In business, there are lots of things you have to do. Some are exciting – like making sales, looking after clients, finding new suppliers – and others are not so exciting – bookkeeping, IT maintenance, making sure there’s enough paper clips.
You can give the responsibility to carry out an awful lot of the not-so-exciting things to freelancers and specialist outsourcing companies. Sometimes it makes more sense. Why spend £20,000 a year on a full-time receptionist when you can spend £100 a month with a telephone answering service who will take your calls and control your diary?
When does it make sense to outsource your business processes? The Smart Team investigates.
The pros of outsourcing
Whatever task you need performing, there is a professional out there who would love to do it for you. These freelancers all have their own areas of speciality which makes them a potentially very valuable resource if they can do what you need doing.
Whichever service you need, there will be a freelancer who is willing to do it for an hourly rate. Place an order, tell them what result you want, they then do it, and you pay them. Instant expertise you can pick up and put down for £20 an hour tops, most of the time.
The cons of outsourcing
Some freelancers are unreliable. Some profiles exaggerate a freelancer’s actual level of skills. Many freelancers just make up their prices as they go along. To avoid this, only use freelancers with believable testimonials and an accessible portfolio. Most freelancing platforms also provide a satisfaction score for longer-serving freelancers based upon historical feedback on their work.
Freelancers will generally charge you far more per hour than someone you employ doing the same task. If you need something done every now and again rather than every day, a freelancer is cheaper overall and easier to manage than a staff member.
This starts to become a disadvantage if you’re using the same freelancer or set of freelancers to perform the same tasks so much that the monetary cost per month creeps up close to or reaches what you’d pay an actual member of staff.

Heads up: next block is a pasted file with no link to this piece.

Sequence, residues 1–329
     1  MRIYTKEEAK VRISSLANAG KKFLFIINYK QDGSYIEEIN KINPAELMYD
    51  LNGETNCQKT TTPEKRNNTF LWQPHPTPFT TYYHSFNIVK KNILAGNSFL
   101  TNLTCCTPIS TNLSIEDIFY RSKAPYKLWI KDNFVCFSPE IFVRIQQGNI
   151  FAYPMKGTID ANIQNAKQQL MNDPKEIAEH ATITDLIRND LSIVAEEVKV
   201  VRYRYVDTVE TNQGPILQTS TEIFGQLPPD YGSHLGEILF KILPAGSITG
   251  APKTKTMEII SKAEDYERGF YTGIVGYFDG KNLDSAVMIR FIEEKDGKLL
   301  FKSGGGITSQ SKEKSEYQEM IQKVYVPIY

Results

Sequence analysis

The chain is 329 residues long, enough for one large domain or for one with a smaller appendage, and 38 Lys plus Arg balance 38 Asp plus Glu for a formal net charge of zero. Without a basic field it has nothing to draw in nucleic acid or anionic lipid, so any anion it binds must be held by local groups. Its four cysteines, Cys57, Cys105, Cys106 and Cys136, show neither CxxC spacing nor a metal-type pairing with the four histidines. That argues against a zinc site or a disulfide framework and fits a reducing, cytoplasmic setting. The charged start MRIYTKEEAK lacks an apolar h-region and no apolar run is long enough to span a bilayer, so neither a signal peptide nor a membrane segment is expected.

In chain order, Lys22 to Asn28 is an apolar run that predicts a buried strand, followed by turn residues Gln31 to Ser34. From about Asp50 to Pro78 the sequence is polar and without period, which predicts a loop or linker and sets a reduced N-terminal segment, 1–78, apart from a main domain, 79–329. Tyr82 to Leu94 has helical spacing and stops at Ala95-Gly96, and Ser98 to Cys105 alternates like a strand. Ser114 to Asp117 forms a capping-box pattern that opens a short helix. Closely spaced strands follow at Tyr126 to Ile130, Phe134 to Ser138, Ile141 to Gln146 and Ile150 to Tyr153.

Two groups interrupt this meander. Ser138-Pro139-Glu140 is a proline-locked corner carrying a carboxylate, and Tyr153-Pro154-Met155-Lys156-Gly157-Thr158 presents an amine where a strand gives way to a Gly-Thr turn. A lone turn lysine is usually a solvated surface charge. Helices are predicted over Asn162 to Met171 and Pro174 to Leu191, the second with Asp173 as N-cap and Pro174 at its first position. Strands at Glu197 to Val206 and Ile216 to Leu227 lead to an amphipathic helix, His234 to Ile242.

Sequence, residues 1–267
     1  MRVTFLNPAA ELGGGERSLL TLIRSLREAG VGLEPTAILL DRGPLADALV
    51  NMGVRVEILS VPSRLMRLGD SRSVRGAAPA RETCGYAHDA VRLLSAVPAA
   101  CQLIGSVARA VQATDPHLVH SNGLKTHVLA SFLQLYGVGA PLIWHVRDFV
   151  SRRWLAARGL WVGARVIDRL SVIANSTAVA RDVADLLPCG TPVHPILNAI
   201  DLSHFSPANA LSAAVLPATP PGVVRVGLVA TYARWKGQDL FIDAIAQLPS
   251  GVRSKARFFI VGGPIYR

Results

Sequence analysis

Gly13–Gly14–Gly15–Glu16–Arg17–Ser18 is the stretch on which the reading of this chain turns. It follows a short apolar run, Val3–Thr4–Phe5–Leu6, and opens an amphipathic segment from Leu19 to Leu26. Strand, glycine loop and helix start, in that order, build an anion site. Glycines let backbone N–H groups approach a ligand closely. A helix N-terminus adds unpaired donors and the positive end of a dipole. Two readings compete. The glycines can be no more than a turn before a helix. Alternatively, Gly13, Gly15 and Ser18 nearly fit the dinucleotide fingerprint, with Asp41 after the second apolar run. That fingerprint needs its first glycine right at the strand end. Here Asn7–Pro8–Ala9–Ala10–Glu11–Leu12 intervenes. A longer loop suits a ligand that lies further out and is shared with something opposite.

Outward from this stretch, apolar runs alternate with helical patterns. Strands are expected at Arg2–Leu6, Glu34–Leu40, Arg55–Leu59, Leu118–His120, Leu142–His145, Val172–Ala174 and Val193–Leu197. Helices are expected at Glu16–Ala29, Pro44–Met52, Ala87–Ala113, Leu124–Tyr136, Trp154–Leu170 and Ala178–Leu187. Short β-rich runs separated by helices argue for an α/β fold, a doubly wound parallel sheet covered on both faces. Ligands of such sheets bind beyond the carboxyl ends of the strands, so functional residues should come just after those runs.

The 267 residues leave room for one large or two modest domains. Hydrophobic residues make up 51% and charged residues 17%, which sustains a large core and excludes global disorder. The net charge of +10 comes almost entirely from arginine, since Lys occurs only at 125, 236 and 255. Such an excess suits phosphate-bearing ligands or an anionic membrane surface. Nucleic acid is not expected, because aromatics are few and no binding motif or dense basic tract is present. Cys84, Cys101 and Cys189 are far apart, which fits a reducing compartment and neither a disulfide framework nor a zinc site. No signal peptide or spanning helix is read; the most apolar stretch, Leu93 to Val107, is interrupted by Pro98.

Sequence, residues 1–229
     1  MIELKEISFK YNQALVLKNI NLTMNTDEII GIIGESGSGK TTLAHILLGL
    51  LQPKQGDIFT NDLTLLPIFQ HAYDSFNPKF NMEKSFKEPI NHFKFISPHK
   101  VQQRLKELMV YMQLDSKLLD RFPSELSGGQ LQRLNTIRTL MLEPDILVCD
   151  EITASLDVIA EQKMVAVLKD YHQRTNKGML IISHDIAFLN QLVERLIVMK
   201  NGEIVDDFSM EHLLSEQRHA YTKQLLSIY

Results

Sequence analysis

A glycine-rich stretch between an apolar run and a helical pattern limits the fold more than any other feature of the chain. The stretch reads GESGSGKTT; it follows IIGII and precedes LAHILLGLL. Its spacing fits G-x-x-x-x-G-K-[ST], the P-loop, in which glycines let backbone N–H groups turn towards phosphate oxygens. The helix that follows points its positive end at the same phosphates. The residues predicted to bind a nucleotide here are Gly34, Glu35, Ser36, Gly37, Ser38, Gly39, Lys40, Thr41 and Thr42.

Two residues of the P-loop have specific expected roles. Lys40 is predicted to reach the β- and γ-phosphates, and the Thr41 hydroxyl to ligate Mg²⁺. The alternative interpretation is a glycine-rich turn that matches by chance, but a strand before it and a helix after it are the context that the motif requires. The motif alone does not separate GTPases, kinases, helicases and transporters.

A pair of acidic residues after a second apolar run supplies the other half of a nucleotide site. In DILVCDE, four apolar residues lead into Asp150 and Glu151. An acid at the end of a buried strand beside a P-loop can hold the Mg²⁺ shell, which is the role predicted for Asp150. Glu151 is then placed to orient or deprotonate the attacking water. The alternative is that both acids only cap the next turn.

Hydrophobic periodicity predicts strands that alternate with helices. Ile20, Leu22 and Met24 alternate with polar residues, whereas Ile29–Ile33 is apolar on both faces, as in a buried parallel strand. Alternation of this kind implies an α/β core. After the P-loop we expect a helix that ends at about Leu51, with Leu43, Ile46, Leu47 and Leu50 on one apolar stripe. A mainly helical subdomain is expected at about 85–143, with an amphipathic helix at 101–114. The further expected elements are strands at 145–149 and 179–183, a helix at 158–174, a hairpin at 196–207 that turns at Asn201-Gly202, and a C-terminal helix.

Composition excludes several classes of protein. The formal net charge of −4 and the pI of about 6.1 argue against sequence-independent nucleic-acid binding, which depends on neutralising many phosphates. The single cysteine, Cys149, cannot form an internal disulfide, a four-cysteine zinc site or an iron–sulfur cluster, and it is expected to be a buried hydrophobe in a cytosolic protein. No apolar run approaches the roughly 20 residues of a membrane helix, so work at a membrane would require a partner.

The pros of hiring somebody
The alternative to outsourcing is to hire somebody to work in-house. These employees will come at a much lower hourly rate than their contractor counterparts. If there is consistent work that needs to be done, then hiring somebody dedicated to a specific role is usually the most cost-effective way of getting things done.
Additionally, you will be able to communicate with an employee much more than you would a freelancer. If you need to discuss an issue, having someone who is a few steps away is far more convenient than having to arrange a phone call.
Employees will be more committed to your business than a freelancer is. When their salary and future prospects are on the line, they are often more productive and reliable. A freelancer can only be incentivised to deliver a high-quality service by increasing the amount you pay them whereas an employee can be given extra holidays, a bonus, or other company benefits.
The cons of hiring somebody
Freelancers tend to be professionals in a field before they decide to branch off and become self-employed. This means that you can expect a professional who knows the job inside-out. The same cannot be said for an employee.
There is an expectation that an employee learns and grows during their time with your business. This can result in a lot of poorer-quality work during the early stages of their employment.
Which is right for your business?
Naturally, there is no one-size-fits-all answer. If you feel that there are enough hours of work that are constantly being done to meet a specific need, then hiring an employee is probably the way to go.
If you don’t have the money for new members of staff and the tasks that need completing are few and far between, then a freelancer may be your better option.
We can help
Freelancer versus member of staff? Tough choice but if you’d like your accountant’s view on the risks and rewards, call us today on 01202 577 500 or email email@example.com.